Mechanical properties of graphyne
SW Cranford and MJ Buehler, CARBON, 49, 4111-4121 (2011).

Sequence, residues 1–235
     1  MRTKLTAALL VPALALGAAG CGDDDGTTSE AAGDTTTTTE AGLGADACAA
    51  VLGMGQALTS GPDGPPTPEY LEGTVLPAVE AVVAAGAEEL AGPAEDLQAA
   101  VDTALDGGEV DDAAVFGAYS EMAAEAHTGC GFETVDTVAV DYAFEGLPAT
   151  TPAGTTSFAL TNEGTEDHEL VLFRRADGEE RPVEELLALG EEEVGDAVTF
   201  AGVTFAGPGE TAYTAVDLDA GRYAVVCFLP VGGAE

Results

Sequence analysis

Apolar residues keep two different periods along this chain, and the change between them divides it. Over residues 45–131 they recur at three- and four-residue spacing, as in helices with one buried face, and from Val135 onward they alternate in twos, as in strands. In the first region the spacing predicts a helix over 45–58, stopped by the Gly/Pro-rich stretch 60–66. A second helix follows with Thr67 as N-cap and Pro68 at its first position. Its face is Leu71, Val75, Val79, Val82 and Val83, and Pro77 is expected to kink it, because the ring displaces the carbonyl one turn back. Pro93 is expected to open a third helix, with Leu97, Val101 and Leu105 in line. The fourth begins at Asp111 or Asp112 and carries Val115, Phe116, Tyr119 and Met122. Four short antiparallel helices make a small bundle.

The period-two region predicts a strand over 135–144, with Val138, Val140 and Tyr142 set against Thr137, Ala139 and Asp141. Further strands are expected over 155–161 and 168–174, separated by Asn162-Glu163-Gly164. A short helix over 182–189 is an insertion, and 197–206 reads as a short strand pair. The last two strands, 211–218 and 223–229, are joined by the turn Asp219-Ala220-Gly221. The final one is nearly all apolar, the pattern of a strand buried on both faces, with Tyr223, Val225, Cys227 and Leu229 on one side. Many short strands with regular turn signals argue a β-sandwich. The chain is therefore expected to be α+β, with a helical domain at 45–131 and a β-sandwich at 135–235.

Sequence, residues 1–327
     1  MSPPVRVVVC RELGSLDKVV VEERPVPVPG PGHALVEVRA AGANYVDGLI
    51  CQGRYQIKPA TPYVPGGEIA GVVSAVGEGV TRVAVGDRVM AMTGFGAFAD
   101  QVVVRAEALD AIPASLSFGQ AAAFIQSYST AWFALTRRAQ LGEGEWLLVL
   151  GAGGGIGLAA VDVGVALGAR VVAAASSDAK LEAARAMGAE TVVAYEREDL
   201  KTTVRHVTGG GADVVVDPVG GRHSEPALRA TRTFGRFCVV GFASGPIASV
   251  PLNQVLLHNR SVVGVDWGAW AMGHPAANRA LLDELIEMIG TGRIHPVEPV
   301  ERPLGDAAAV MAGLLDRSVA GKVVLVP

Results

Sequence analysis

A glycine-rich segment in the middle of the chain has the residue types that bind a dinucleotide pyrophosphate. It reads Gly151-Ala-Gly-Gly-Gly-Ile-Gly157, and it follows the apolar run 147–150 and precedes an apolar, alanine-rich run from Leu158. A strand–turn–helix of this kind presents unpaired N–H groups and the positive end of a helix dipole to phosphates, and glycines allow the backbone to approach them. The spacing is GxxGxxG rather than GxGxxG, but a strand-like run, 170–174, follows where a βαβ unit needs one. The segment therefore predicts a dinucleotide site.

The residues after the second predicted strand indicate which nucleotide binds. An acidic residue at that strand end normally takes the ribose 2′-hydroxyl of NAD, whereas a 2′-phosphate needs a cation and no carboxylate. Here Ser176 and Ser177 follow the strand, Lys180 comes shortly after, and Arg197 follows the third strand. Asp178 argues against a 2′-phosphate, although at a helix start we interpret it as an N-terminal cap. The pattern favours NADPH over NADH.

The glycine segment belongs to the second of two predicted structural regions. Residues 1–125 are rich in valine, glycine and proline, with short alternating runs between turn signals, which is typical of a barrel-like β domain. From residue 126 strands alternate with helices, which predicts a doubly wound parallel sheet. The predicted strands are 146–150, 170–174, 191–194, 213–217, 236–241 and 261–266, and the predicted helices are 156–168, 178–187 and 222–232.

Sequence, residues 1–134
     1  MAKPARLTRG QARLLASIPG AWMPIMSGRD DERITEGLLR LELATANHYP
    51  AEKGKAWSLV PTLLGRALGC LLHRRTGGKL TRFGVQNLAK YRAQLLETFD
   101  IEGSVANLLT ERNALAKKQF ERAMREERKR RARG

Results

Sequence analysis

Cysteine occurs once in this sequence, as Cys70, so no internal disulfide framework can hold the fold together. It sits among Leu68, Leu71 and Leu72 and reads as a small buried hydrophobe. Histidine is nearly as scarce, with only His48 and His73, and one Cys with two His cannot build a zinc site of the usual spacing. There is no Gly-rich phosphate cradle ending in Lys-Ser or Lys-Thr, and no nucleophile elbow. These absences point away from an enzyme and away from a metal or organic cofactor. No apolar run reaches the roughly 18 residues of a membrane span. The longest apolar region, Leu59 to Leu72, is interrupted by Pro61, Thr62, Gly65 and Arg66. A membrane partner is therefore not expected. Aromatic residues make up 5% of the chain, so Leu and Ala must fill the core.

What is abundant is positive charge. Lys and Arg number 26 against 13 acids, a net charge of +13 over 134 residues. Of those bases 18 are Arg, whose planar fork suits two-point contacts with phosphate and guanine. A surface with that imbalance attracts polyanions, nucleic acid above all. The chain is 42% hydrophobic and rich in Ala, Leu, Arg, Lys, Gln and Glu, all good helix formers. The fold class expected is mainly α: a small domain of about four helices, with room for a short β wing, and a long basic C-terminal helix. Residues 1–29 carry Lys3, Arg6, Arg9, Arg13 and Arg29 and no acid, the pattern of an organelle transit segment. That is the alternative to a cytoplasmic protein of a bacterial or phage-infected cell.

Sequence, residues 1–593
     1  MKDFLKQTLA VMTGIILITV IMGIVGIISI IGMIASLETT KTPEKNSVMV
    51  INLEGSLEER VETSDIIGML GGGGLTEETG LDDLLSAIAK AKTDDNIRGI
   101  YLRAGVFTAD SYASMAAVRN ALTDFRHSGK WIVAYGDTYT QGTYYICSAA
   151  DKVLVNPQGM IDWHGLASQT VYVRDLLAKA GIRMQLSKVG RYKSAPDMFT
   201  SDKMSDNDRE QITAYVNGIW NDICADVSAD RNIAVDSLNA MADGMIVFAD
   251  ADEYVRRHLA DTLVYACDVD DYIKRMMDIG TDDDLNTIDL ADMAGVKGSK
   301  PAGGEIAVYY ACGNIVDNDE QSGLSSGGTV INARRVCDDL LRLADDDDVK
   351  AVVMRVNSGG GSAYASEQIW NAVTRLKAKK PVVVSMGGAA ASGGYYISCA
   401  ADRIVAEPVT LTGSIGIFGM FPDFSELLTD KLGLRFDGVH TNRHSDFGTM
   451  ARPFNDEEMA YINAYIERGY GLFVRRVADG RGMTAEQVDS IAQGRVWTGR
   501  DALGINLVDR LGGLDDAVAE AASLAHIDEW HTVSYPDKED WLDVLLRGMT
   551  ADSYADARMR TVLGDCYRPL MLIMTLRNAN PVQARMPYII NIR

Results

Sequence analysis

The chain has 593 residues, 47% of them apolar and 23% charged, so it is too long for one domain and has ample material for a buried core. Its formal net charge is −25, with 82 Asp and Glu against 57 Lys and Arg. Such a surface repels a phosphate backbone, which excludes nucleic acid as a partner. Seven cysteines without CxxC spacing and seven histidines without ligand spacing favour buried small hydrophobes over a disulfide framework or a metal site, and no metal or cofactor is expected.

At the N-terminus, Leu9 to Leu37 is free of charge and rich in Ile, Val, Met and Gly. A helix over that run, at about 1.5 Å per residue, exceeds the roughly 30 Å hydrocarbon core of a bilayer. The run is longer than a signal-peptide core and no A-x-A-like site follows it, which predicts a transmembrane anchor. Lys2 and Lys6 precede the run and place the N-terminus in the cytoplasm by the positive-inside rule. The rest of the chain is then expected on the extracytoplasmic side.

Carbon nanotubes and graphene have paved the way for the next step in the evolution of carbon materials. Among the novel forms of carbon allotropes is graphyne - a two-dimensional lattice of sp- sp(2)-hybridized carbon atoms similar to graphene for which recent progress has been made in synthesizing dehydrobenzoannulene precursors that form subunits of graphyne. Here, we characterize the mechanical properties of single-atomic-layer graphyne sheets by full atomistic first-principles-based ReaxFF molecular dynamics. Atomistic modeling is carried out to determine its mechanical properties for both in-plane and bending deformation including material failure, as well as intersheet adhesion. Unlike graphene, the fracture strain and stress of graphyne depends strongly on the direction of the applied strain and the alignment with carbon triple-bond linkages, ranging from 48.2 to 107.5 GPa with ultimate strains of 8.2-13.2%. The intersheet adhesion and out- of-plane bending stiffnesses are comparable to graphene, despite the density of graphyne being only one-half of that of graphene. Unlike graphene, the sparser carbon arrangement in graphyne combined with the directional dependence on the acetylenic groups results in internal stiffening dependent on the direction of applied loading, leading to a nonlinear stress-strain behavior. (C) 2011 Elsevier Ltd. All rights reserved.
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